Article

Glutamate and reinstatement.

Department of Neurosciences, Medical University of South Carolina, Charleston, SC, United States. <>
Current Opinion in Pharmacology (Impact Factor: 4.23). 02/2009; 9(1):59-64. DOI: 10.1016/j.coph.2008.12.003
Source: PubMed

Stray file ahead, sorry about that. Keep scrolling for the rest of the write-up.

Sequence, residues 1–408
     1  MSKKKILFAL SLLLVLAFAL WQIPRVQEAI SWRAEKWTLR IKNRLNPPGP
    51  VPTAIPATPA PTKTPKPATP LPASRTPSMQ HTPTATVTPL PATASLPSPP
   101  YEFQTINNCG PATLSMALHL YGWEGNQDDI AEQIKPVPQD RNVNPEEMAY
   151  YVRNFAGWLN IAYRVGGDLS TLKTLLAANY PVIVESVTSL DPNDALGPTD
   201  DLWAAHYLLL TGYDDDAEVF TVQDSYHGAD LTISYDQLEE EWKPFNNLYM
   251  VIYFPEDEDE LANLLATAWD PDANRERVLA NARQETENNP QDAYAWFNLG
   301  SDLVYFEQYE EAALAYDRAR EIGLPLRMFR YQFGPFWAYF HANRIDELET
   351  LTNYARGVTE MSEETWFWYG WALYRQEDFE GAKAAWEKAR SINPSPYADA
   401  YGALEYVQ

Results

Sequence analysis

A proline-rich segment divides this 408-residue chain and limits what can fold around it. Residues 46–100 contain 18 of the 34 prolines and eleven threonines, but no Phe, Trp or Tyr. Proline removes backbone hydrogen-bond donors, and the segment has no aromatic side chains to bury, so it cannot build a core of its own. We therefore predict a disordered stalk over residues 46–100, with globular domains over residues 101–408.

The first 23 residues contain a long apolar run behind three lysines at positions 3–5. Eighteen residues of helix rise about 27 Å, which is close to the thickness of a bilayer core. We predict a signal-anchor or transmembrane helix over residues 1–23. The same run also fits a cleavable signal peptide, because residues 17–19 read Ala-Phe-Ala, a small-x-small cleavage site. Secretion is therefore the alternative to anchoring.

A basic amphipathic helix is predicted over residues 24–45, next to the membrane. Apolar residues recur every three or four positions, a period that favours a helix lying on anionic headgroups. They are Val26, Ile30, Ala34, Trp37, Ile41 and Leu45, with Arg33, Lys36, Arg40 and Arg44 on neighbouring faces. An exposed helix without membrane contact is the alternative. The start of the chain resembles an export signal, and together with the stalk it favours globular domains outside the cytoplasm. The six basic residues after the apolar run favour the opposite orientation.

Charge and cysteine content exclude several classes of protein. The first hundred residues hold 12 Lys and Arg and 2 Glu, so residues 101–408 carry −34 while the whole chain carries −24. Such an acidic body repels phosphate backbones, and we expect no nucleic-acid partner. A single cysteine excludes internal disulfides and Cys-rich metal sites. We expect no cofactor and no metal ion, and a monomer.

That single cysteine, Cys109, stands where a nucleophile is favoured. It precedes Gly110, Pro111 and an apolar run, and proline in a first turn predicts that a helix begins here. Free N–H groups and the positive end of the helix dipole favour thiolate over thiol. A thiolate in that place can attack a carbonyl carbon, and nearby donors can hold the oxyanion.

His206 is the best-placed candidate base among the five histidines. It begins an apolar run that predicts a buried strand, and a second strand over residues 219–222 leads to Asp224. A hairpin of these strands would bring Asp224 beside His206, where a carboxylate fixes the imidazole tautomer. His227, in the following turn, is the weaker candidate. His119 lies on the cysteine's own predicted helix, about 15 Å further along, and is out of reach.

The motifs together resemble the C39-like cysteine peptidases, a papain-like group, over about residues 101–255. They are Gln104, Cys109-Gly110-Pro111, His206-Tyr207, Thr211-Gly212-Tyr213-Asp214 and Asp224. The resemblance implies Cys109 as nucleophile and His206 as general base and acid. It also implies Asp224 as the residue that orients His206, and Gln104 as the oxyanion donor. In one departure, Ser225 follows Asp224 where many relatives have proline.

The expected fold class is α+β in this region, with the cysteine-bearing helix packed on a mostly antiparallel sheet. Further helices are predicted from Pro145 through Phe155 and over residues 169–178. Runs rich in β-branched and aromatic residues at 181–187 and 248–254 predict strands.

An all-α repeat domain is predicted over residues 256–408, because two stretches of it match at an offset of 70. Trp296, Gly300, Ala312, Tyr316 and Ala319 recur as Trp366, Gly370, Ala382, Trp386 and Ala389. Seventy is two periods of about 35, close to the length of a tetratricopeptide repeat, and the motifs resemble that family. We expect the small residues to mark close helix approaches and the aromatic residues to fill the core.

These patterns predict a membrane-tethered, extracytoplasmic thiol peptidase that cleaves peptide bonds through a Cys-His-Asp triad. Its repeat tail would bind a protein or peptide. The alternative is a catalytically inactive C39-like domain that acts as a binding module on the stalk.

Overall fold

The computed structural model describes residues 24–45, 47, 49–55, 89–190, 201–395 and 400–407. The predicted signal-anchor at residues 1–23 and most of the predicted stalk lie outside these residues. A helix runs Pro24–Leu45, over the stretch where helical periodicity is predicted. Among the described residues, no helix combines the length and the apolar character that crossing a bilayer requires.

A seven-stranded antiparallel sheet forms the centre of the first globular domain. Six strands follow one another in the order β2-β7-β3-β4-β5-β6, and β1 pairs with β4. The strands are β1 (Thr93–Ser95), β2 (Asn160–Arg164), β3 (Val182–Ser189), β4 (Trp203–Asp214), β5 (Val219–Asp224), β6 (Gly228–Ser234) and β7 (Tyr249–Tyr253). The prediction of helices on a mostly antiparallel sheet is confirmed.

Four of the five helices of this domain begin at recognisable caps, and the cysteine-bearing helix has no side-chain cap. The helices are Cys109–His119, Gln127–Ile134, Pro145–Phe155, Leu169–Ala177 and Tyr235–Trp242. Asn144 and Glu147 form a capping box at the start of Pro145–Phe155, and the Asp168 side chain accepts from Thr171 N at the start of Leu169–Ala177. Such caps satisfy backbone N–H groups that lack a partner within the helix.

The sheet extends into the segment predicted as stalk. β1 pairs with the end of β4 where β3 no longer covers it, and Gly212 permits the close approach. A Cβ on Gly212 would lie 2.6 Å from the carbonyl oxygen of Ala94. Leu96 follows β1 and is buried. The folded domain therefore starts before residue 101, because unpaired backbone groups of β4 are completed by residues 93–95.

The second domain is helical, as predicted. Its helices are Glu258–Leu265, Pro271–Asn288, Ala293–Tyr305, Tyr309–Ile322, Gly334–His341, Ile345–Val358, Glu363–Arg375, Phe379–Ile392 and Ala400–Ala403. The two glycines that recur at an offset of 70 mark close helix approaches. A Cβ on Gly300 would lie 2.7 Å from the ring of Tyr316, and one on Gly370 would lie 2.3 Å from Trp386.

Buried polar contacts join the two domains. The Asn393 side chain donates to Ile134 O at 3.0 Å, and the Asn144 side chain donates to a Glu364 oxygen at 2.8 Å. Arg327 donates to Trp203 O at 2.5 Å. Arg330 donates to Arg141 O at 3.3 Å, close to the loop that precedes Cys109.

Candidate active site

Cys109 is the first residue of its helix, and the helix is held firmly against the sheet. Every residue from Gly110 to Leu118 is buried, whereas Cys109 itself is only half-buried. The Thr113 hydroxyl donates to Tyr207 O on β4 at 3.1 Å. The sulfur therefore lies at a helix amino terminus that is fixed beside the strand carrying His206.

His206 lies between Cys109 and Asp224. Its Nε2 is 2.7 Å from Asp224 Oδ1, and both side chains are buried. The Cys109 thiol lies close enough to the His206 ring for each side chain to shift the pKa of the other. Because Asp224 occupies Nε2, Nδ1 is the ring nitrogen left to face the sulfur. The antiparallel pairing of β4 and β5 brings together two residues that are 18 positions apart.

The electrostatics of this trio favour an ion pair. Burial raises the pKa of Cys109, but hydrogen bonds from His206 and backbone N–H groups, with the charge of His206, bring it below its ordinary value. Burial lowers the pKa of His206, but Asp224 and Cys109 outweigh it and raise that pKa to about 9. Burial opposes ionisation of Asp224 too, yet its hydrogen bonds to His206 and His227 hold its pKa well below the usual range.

ABSTRACT The importance of glutamate in the reinstatement of cocaine-seeking behavior has been established. New molecular and neurochemical adaptations in the glutamatergic system which drive cocaine relapse have been identified, such as the ability of CB1 receptor stimulation to reduce basal glutamate levels and the involvement of the GluR1 receptor subunit in reinstatement. Furthermore, it is apparent that similar glutamatergic neuroadaptations arise after self-administration of cocaine, heroin, nicotine, and alcohol. For example, reinstatement to cocaine, nicotine, and alcohol can be prevented both by the stimulation of group II mGluR receptors and by the blockade of group I mGluR receptors. The similarities in the neurochemistry behind relapse to these varied drug classes indicate that drugs that target the glutamate system could be effective at treating relapse to multiple types of drugs.

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